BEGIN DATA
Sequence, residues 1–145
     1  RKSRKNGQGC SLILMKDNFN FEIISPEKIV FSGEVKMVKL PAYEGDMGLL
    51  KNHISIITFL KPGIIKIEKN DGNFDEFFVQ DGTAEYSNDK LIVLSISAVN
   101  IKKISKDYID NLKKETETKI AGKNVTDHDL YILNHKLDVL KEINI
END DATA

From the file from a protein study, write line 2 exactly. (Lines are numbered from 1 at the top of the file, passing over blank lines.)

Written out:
     1  RKSRKNGQGC SLILMKDNFN FEIISPEKIV FSGEVKMVKL PAYEGDMGLL